Considerable attention has been paid to hybrid organic–inorganic nanocomposites in recent years. Organic–inorganic hybrids have both the advantages of organic materials, such as a light weight, flexibility and good moldability, and inorganic materials, such as high strength, heat stability and chemical resistance. In this work, a polyvinyl acetate (PVAc)/titanium dioxide (TiO2) organic-inorganic hybrid was prepared by the sol–gel technique. Electrospinning was used to fabricate PVAc/TiO2 hybrid nanofibres. Scanning Electron Microscopy (SEM) was employed to study the morphology of the hybrid nanofibres. The mechanical and thermal properties were examined by an electronic tensile instrument and thermo gravimetric analyzer (TGA), respectively. The results indicated that the mechanical and thermal properties were improved with TiO2 included in the hybrids.
PL
W ostatnich latach znacznie wzrosło zainteresowanie hybrydowymi włóknami organicznonieorganicznymi. Włókna te maja korzystne właściwości włókien organicznych takie jak małą gęstość, giętkość i dobrą podatność na zmianę kształtu oraz nieorganicznych jak wysoką wytrzymałość, stabilność termiczną i odporność chemiczną. Praca przedstawia otrzymywanie hybrydowych włókien PVAc/TiO2 metodą zol-żel poprzez elektroprzędzenie. Morfologia włókien była badana metodą SEM. Właściwości mechaniczne sprawdzano stosując zrywarkę sterowaną elektronicznie, podczas gdy właściwości termiczne badano metoda TGA. Wyniki wykazały, że właściwości mechaniczne i termiczne zostały poprawione dzięki wprowadzeniu TiO2 do matrycy polimerowej.
14
Content available remote The effect of habitat on methane emission from an alpine wetland
EN
Alpine wetland is a source for methane (CH[4]), an important greenhouse gas, but little is known about how this habitat influences the emission. To understand this wetland habitats were selected at the altitude of 3430 m a.s.l. (in National Wetland Nature Reserve of Zoige, Quingle - Tibetan Plateau) and the methane flux was measured with static chambers in three different sites, including hollows with Carex muliensis Hand - Mazz. and Eleocharis valleculosa Ohwi f. setosa (Ohwi) Kitagawa., grass hummocks composed of Kobresia tibetica Maxim, Cremanthodium pleurocaule R. D. Good, Potentilla bifurca L. and Pedicularis sp. We have found that in alpine wetland these habitats significantly affect CH[4] emissions in the onset (April, 2006) and peak (August, 2005) stages of growing season. Hollows covered with Carex muliensis and Eleocharis valleculosa had higher values of emission than grass hummocks built by several grass species. Slight difference of CH[4] emission was found between two kinds of hollows with Carex muliensis and Eleocharis valleculosa. These results were consistent with the change of water table, which was found best correlated with CH4 emissions (r[^2] = 0.43, P <0.01) in the peak stage of growing season. Directly measured shoot biomass and plant heights were best related to CH[4] emissions (r[^2] = 0.59, P <0.01). However, in the onset stage of growing season, variation of CH[4] emission may not be simply ascribed to changes in water table and vegetation structure.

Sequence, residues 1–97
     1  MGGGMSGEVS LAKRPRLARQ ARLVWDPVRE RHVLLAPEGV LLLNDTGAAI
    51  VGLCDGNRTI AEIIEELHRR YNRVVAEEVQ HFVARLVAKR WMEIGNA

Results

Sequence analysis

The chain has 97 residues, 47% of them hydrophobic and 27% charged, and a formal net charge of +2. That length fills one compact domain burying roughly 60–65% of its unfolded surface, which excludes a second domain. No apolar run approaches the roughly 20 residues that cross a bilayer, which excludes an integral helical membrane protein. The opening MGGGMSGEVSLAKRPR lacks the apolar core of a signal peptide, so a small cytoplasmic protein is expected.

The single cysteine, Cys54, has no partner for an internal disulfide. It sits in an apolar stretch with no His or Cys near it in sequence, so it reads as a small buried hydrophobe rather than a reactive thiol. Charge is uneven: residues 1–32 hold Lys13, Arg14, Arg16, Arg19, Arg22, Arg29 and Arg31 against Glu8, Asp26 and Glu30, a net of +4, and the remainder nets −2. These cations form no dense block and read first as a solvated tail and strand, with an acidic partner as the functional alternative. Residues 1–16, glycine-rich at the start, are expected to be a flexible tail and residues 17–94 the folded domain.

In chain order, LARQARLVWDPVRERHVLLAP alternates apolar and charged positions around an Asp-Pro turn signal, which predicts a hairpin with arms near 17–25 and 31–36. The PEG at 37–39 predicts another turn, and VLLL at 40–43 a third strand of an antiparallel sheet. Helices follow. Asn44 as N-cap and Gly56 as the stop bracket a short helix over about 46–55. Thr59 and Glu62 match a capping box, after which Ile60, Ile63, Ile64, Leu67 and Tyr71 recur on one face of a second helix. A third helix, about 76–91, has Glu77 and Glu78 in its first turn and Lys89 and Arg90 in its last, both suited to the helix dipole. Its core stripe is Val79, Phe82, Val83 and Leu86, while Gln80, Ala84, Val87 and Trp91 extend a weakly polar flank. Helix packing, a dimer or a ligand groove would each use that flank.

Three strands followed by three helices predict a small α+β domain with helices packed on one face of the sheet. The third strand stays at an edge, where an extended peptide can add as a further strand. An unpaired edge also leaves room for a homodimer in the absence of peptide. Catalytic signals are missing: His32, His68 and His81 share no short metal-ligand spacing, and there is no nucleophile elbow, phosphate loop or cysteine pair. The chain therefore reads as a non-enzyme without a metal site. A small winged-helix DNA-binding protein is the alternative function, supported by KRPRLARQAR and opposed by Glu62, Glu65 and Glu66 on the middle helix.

EN
Natural regeneration of forest depends on the light regimes of floor. Point-based methods such as fisheye photo and radiometer can not provide a full panorama of light regime of heterogeneous forest stand. Eastern Tibetan Plateau is a major forest belt characteristic of diverse forest type and topographic differentiation. Understanding the trend of changes of light regime along succession series of forest may be helpful for the management of ecosystems. Fragmented forest patches due to tectonic activity and human intervention have made this prediction difficult. We use a spatially explicit forest stand light model (tRAYci) to simulate light distribution within forest in typical subalpine forest succession series of eastern Tibetan Plateau. Due to the spatial heterogeneity of tree distribution in the subalpine area, the forest stand can be approximated with a spatially explicit model of trees. Three typical subalpine forest stands (Sabina forest (SF), Fir forest (FF) and Birch forest (BF)) are selected in the eastern Tibetan Plateau. The dominant species are sabina (Sabina saltuaria (Rehd. et Wils.) Cheng), fir (Abies faxoniana Rehd. et Wils.) and birch (Betula platyphylla Suk.) for each stand and they are spatially clumped in distribution. They represent old growth coniferous forest (SF, 330 years old), coniferous-broadleaved forest (FF, 180 ys) and pioneer broadleaved forest (BF, 40 ys). The parameters of the three-dimensional model of trees are calibrated with field measurements. The simulated values are generally consistent with observed values of radiation measured by radiometers installed in these stands and values derived from fisheye photos. Test failures may be caused by the incomplete submodel of crown as a gap free one. Light regimes in old growth and pioneer forest are much more heterogeneous than intermediate stages of forest. Light regimes of these forests are also reflected by the composition of understory herb layers.